Thursday, 20 September 2012

Gabrieli - Elijah launch

Gabrieli Consort and Players
Last night, the Gabrieli Consort and Players held an event to celebrate the release of their new CD of Mendelssohn's Elijah on Paul McCreesh's Winged Lion label (see my review). There was a short illuminating video about the making of the recording (see it here on Vimeo), a talk from Paul McCreesh and some live entertainment. The video was fascinating, making clear just quite how many performers there were. Whilst the core of the choir was made up of singers from Gabriel and the Wroclaw Philharmonic Choir, around half the total were young singers from choirs with which Paul McCreesh and Gabrieli have started to develop a relationship.


The young singers were not there just for the experience, they worked hard and learned from the professional singers singing next to them, and participated fully in the rather gruelling recording schedule and contributed strongly to the overall project. Paul McCreesh mentioned how transformative the effect of participation had been on some of the young singers who had not been previously been exposed to much classical music. The Gabrieli Young Singers Scheme is relatively new, but was started by McCreesh because he feels strongly about giving opportunities top young people from all backgrounds.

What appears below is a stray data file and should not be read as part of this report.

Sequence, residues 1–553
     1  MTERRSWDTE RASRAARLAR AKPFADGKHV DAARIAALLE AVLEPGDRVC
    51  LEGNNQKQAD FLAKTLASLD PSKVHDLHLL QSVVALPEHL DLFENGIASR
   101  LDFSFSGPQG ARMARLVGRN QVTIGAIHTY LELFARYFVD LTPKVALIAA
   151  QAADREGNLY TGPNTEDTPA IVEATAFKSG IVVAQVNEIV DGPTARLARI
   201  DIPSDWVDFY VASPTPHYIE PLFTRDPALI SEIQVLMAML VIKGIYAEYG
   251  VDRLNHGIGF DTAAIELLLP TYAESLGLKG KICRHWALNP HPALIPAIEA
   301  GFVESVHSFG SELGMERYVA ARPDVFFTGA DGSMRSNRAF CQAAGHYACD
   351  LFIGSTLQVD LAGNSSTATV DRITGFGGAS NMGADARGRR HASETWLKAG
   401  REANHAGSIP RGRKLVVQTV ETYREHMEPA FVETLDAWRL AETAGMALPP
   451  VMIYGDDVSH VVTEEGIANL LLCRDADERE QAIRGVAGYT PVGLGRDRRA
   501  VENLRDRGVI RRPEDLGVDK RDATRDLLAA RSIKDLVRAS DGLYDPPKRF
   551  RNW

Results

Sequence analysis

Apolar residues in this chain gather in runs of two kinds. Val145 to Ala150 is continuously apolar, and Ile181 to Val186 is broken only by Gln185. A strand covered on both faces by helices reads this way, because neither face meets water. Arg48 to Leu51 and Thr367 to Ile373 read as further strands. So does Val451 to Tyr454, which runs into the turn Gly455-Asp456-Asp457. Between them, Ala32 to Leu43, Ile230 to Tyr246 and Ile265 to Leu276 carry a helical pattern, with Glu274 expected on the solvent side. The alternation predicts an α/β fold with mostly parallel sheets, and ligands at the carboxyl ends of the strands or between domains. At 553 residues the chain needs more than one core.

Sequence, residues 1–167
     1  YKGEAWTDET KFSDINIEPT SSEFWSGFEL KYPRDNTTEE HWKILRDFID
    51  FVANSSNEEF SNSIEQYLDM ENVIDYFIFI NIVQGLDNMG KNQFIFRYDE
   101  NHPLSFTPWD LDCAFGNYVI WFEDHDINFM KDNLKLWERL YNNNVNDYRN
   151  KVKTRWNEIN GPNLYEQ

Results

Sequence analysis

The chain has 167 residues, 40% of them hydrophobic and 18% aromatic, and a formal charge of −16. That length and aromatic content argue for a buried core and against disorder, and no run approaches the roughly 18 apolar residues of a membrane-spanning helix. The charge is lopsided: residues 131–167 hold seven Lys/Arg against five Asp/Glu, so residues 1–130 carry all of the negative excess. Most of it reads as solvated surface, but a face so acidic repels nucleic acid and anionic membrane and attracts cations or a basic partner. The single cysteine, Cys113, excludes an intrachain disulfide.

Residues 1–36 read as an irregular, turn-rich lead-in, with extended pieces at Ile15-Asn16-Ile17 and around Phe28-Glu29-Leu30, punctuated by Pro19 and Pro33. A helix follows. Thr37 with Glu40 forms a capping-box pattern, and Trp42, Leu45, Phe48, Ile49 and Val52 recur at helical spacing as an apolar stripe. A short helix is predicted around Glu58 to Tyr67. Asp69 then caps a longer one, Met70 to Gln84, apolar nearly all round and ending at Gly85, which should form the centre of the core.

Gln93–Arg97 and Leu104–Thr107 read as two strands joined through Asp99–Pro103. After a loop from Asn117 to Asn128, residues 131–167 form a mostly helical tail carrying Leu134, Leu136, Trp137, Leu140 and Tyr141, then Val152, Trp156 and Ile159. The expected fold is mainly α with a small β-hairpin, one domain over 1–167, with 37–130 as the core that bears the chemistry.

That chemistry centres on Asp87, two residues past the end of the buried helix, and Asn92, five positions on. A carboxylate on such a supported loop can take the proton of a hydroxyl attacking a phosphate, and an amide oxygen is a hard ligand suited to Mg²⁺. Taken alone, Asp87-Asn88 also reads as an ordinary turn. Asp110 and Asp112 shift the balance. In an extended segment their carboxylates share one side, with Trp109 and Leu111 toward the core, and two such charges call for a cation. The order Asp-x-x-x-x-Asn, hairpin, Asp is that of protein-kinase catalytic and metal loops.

McCreesh's next recording project is to record Britten's War Requiem in January 2012 with Gabrieli Consort and Players plus members of the Wroclaw Philharmonic Choir and singers from the Gabrieli Young Singers Scheme. As with everything, this requires finance.

And further ahead, McCreesh is full of ideas for further large scale recording projects with the Gabriel Young Singers Scheme, providing finance can be found. In fact Gabriel is 30 years old this year, and one of their ways of celebrating is to try and expand their friends scheme.

With the War Requiem it will be interesting to hear how a conductor like McCreesh, famous for going back to the original text and performance, works with a piece premiered so recently. A concern for being true to the intention of the music runs through everything that McCreesh does, whether is is ensuring that French pronunciation for Latin is used in Berlioz's Grande Messe des Morts, sourcing a contrabass Ophecleide for Elijah, using Czech pronunciation of Latin in Dvorak or using an instrument as unsatisfactory as the serpent to double the choir bass line in Elijah.

In fact, the evening ended with a short live performance, with three players from Gabrieli in an ensemble of serpents. A truly remarkable sound, the instrument blends well with the human voice but was never really intended to be heard solo. An entertaining and enlightening end to the evening.

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